The following is an excerpt from the sermon - http://urj.org//about/union/leadership/yoffie//?syspage=article&item_id=6079
Sermon by Rabbi Eric H. Yoffie at the San Diego Biennial , December 15, 2007
Why is this happening?
Because we now understand that Shabbat was always central to Reform Judaism. Isaac Mayer Wise was a firm proponent of a traditional Shabbat. And for Classical Reform Jews, Shabbat was a serious matter. True, they significantly reduced both the duties and the prohibitions of the day, but what remained was observed with scrupulous dedication.
Also, other approaches to enhancing Jewish life have failed. Communal leaders outside of the synagogue love to talk the language of corporate strategy. They engage in endless debates on the latest demographic study. They plan elaborate conferences and demand new ideas. But sometimes we don’t need new ideas; we need old ideas. We need less corporate planning and more text and tradition; less strategic thinking and more mitzvot; less demographic data and more Shabbat. Because we know, in our hearts, that in the absence of Shabbat, Judaism withers.
But most important of all, Reform Jews are considering Shabbat because they need Shabbat. In our 24/7 culture, the boundary between work time and leisure time has been swept away, and the results are devastating. Do we really want to live in a world where we make love in half the time and cook every meal in the microwave? When work expands to fill all our evenings and weekends, everything suffers, including our health. But families take the worst hit. The average parent spends twice as long dealing with email as playing with his children.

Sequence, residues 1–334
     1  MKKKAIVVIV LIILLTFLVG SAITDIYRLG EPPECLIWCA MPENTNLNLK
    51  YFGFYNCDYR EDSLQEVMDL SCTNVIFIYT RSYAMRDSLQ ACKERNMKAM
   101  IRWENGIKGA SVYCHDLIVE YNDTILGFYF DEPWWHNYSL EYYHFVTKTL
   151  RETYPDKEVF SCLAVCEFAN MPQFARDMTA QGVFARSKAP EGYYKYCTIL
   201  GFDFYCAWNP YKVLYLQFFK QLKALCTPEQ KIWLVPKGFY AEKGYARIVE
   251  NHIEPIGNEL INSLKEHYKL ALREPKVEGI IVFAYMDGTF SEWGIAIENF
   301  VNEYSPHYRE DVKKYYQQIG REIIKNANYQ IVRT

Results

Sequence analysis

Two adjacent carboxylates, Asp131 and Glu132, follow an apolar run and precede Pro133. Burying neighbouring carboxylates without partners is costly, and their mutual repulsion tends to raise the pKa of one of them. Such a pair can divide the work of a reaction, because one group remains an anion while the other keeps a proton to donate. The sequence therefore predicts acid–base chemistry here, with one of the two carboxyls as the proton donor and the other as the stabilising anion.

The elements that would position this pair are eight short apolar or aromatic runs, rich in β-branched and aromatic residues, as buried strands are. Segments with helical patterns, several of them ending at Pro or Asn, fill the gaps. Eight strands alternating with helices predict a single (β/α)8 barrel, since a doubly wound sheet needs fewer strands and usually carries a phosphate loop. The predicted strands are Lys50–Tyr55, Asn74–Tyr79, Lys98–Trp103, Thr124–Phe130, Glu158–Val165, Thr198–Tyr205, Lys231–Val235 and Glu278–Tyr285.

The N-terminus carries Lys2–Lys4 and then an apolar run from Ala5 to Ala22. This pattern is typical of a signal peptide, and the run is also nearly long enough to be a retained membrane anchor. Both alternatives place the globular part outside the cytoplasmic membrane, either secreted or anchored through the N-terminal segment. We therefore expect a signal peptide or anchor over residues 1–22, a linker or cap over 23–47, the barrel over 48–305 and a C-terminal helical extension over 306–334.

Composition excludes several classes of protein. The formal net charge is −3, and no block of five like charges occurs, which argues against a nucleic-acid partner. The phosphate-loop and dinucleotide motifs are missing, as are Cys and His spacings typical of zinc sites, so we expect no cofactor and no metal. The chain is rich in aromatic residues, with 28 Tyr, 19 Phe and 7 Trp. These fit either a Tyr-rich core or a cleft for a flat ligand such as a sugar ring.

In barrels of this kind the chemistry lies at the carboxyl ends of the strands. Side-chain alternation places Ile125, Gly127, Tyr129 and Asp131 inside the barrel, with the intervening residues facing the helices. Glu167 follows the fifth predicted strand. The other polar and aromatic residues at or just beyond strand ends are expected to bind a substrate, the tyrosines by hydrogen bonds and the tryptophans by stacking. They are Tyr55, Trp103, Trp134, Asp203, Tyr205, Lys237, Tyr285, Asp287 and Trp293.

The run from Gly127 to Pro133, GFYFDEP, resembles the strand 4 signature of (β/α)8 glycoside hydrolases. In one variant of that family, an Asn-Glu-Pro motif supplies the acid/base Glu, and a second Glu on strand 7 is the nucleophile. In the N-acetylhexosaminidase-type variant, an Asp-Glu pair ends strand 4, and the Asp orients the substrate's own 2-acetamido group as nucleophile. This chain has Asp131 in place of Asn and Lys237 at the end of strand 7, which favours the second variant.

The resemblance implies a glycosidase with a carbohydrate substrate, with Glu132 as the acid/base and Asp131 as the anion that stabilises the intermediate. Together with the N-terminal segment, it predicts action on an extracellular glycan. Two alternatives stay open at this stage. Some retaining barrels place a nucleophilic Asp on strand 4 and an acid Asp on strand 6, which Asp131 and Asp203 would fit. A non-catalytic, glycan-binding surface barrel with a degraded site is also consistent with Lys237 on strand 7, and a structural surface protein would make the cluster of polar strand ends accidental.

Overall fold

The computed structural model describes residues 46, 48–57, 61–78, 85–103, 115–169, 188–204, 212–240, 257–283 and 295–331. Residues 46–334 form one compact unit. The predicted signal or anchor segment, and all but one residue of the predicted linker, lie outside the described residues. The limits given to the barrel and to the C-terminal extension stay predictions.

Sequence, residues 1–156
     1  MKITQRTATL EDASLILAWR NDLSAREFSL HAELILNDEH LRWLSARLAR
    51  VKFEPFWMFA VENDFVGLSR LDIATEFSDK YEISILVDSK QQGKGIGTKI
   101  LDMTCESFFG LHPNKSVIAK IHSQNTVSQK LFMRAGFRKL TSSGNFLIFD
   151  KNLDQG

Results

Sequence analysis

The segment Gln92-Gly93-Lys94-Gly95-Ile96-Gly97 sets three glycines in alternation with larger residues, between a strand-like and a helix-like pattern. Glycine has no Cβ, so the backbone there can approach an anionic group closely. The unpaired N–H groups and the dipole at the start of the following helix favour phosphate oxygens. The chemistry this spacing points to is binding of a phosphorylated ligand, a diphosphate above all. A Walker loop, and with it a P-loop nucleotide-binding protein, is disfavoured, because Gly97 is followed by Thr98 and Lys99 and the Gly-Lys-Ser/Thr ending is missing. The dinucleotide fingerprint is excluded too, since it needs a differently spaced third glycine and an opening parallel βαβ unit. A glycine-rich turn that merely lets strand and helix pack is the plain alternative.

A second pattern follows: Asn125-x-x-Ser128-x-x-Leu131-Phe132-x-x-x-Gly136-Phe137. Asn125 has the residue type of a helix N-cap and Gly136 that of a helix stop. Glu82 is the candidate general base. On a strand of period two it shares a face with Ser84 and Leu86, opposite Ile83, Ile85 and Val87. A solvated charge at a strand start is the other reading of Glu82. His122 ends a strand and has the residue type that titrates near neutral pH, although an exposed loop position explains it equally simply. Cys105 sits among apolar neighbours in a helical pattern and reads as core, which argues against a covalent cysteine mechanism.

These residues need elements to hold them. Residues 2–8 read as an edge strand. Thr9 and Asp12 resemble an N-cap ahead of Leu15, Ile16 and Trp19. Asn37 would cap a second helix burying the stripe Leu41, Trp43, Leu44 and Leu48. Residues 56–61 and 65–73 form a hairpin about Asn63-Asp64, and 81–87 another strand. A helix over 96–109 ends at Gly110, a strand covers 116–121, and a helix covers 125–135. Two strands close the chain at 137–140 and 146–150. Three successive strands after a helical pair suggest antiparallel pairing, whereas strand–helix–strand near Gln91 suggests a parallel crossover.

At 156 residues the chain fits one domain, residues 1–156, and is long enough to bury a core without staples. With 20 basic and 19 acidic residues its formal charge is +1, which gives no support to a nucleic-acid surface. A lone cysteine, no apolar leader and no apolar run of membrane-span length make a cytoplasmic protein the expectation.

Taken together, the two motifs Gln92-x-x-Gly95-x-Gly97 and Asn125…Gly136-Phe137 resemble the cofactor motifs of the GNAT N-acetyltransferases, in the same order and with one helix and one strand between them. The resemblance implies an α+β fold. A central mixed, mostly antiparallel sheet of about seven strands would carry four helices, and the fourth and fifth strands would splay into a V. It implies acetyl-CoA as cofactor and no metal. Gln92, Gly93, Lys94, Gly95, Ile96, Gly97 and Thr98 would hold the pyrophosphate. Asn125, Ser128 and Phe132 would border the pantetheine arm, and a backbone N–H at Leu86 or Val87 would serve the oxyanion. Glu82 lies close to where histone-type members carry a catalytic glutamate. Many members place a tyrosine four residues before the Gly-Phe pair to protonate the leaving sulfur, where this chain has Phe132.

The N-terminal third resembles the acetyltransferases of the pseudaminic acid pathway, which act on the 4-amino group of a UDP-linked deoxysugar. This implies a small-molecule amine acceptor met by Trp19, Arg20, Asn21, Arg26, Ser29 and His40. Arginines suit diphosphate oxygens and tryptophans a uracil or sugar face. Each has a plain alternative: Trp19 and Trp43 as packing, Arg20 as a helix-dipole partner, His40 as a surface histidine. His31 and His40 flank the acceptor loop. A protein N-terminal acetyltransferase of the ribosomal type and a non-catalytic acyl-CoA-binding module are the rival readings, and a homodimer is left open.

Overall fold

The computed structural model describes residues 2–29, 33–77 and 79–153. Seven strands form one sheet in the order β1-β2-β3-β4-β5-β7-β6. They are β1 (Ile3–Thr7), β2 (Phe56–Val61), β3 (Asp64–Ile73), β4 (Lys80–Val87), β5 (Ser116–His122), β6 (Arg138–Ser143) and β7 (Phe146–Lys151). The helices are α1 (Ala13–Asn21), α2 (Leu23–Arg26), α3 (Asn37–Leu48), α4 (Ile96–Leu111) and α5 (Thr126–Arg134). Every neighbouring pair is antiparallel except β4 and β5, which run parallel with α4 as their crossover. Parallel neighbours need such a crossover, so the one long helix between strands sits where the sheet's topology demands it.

For our stressed-out, sleep-deprived families, the Torah’s mandate to rest looks relevant and sensible. Our tradition does not instruct us to stop working altogether on Shabbat; after all, it takes a certain amount of effort to study, pray and go to synagogue. But we are asked to abstain from the work that we do to earn a living, and instead to reflect, to enjoy and to take a stroll through the neighborhood. We are asked to put aside those Blackberries and stop gathering information, just as the ancient Israelites stopped gathering wood. We are asked to stop running around long enough to see what God is doing.
And this most of all: In synagogue and at home, we are asked to give our kids, our spouse and our friends the undivided attention that they did not get from us the rest of the week. On Shabbat we speak to our children of their hopes and dreams. We show them that we value them for who they are and not for the grades they get or the prizes they win. During the week we pursue our goals; on Shabbat we learn simply to be.